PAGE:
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Jul 16, 2012

SMotW #15: HR security maturity

Security Metric of the Week #15: Human Resources security maturity

In order to explain the PRAGMATIC score for this week's example security metric, we first need to introduce you to the concept of security maturity metrics.  Bear with us.


Section 8 of ISO/IEC 27002:2005 lays out a suite of HR-based information security controls that apply to the pre-, para- and post-employment phases.  For example, prior to offering anyone a role, especially in a powerful/trusted position, wise organizations conduct suitable background checks to weed-out unsuitable candidates.  For highly sensitive government and military work, the security clearance process can involve an extensive range of checks including credit worthiness, criminal history, identity, qualifications, professional experience and character references, in addition to a structured interview process and on-the-job supervision/oversight during a probationary period.  For low-grade positions such as office cleaners, pre-employment checks tend to be trivial and in many cases are left to third parties supplying contract staff ... but while this is common practice, it creates information security risks that probably deserve more attention.  Office cleaners typically work alone out-of-hours and have ready access to IT equipment, paperwork and other valuables:   do you really want to let someone of unknown vintage and negligible loyalty, paid a minimal wage, loose in your office?

So-called maturity metrics are an excellent way to measure such complex situations.  The idea is simply to lay out a spectrum of good practice security controls ranging from trivial, negligible and weak up to extensive, leading-edge and strong.  Figuring out where an organization stands in relation to the spectrum of controls allows us to determine a maturity level or score. 

Maturity metrics are similar to the Capability Maturity Models originally created [and trademarked] by Carnegie Mellon University as a means to assess and measure software development practices.

Given the number of aspects relevant to information security, over the course of about two decades we have developed a tabular style maturity metric with rows for each type or area of control and columns for key points on the scale.  Cells in the body of the table contain examples of the controls, providing sufficient information to guide a competent reviewer in determining the most appropriate level and hence the score.

While scoring process is inevitably subjective, stating the scoring criteria makes it objective enough that different reviewers, auditors, managers, assessors etc. can gather, consider and discuss the evidence, generally reaching agreement on specific maturity scores.  


We have provided a suite of security maturity metrics based on the recommendations in ISO/IEC 27001 and 27002 as an appendix to our book.  As an example, here is one of the seven rows in the table covering section 8's HR security controls:



No human resources security
Basic human resources security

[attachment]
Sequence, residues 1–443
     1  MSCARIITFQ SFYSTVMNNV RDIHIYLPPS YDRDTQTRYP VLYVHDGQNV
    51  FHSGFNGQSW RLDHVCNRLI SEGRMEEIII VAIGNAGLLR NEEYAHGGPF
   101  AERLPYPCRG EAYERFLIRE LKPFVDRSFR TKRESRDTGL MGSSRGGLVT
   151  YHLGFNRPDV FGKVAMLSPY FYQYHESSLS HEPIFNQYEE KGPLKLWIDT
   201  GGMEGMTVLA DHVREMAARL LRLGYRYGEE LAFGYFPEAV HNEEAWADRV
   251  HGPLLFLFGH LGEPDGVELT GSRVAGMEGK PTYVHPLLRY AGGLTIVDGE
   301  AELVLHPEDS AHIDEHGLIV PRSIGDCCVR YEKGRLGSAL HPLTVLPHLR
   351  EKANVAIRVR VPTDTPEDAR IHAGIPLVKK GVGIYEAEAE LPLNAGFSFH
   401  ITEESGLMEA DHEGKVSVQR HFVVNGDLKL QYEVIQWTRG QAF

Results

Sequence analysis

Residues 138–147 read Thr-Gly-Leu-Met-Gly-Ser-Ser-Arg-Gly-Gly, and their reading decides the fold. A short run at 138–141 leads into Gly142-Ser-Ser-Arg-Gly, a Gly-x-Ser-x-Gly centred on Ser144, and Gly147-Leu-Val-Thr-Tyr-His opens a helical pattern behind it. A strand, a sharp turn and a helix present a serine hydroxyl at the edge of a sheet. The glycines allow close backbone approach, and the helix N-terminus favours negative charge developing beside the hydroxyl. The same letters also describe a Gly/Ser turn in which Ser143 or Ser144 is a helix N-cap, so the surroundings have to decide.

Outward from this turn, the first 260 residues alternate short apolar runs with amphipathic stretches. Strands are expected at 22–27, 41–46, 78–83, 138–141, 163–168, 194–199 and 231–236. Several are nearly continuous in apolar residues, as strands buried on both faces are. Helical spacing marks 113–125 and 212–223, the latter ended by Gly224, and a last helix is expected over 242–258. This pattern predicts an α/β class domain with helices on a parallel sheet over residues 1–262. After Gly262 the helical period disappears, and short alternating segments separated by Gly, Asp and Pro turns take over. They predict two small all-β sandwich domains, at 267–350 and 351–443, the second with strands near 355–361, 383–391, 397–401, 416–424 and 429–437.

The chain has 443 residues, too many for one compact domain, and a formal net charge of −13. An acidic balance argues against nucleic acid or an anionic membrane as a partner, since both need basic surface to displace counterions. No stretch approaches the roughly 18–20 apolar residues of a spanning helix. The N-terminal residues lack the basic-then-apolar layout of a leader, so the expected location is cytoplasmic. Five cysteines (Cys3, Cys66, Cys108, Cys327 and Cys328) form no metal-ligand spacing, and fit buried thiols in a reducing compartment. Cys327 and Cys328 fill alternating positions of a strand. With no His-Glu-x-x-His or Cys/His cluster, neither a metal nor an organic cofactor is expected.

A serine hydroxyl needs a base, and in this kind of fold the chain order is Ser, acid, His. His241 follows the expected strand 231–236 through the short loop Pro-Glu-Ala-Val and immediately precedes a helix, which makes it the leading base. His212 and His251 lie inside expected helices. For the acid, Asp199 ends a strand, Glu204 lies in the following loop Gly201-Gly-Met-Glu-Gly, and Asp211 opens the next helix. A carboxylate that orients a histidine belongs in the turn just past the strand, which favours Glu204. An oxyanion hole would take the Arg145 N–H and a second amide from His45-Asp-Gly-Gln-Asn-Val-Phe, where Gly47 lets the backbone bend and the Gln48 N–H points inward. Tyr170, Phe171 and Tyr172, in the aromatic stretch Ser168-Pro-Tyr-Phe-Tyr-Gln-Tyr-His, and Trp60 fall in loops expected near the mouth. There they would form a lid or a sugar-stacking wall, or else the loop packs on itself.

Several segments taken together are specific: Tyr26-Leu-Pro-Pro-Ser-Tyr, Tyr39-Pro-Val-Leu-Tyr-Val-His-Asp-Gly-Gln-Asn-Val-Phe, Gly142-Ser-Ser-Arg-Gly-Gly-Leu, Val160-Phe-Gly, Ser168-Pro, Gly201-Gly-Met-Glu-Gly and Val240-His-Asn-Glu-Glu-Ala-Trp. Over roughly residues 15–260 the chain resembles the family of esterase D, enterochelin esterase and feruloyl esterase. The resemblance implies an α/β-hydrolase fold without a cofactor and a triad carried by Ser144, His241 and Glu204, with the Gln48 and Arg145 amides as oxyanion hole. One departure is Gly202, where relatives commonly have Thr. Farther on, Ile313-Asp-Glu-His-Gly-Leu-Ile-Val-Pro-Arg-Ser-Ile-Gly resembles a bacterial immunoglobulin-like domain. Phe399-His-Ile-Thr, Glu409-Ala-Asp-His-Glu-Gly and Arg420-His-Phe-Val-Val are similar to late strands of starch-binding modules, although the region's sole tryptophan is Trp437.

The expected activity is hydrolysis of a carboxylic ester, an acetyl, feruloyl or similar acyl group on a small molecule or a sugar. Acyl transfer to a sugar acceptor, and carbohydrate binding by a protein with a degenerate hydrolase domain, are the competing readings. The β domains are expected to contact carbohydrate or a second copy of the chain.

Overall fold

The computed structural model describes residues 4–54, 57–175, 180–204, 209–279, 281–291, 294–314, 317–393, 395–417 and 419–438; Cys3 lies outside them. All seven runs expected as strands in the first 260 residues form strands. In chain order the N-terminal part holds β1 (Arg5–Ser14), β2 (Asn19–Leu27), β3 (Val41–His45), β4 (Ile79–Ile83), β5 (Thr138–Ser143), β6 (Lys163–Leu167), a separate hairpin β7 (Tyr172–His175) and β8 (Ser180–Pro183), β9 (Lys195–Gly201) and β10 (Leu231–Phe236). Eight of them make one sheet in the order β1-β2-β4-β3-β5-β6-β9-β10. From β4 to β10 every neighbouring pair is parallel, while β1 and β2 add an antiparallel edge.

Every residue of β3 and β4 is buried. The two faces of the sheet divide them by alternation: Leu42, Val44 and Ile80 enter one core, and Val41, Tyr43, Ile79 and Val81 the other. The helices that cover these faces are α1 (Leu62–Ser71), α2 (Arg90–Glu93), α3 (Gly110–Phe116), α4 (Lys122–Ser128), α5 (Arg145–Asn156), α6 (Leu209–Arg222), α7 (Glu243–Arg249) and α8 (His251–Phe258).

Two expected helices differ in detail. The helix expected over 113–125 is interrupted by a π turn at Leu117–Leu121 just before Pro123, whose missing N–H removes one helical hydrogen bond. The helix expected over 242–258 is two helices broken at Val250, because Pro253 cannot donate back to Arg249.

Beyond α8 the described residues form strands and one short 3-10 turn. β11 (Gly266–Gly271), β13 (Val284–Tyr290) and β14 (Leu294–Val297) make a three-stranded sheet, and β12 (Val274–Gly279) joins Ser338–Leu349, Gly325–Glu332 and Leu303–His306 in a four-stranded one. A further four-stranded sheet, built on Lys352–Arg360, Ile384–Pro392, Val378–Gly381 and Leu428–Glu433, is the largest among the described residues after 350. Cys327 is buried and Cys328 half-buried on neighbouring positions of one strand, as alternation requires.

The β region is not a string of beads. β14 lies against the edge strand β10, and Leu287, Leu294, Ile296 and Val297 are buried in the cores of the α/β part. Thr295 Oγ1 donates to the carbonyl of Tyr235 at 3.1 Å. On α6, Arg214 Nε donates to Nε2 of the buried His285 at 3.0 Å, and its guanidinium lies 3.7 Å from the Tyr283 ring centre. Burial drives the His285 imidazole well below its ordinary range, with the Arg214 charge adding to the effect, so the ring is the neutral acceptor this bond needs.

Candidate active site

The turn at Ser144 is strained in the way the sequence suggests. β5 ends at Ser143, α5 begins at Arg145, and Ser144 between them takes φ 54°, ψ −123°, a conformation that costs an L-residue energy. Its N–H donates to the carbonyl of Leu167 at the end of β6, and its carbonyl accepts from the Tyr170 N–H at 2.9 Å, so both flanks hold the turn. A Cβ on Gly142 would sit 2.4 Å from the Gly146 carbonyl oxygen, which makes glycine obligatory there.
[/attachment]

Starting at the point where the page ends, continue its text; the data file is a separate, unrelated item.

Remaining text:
Good human resources security
Excellent human resources security
Information security rôles and responsibilities are entirely undocumented
Some information security rôles and responsibilities are documented, though not very well or consistently
Most information security rôles and responsibilities, including all the important ones, are assigned to individuals through being incorporated into vacancy notices, job descriptions and/or codes of conduct
Information security rôles and responsibilities are comprehensively documented, formally assigned to suitable individuals (typically in legally-binding contracts of employment or terms and conditions of employment), and are  proactively maintained
(e.g. periodically reconfirmed with the individual’s signature to confirm their acceptance)


The four columns correspond to maturity scores of 0%, 33%, 67% and 100% respectively.  There is a further implied scoring point at 50%, marking the divide between practices that are generally considered unacceptable and those that are broadly acceptable.


OK, so now let's look at the PRAGMATIC rating for this kind of metric:



P
R
A
G
M
A
T
I
C
Score
90
95
70
80
90
85
90
85
90
86%









The metric scores remarkably well, especially given that, while HR practices are undoubtedly relevant to information security, they are rather difficult to measure.  In fact, to our knowledge, very few organizations have decent security metrics in this area.  Most seem content with classical HR metrics such as the number of employees that have completed some form of security training, despite the fact that such metrics do not adequately reflect security in practice.  Did anyone actually learn anything from the training?  Did they actually change their behaviors as a consequence?  Or did they just turn up under sufferance and passively sit there just to get the tick on their personnel records?  The classical metric says practically nothing about these aspects.  [Feel free to determine the PRAGMATIC score for the classic metric as a homework exercise.  We'd be amazed if it scores anything remotely approaching 86%!]


There are further security maturity metrics in the book, corresponding to the remaining sections of ISO/IEC 27001 and 27002.  We'll expand on them in future metrics of the week but for now you will have to bide your time until the book is published, although we will try to address any questions in the comments to this blog.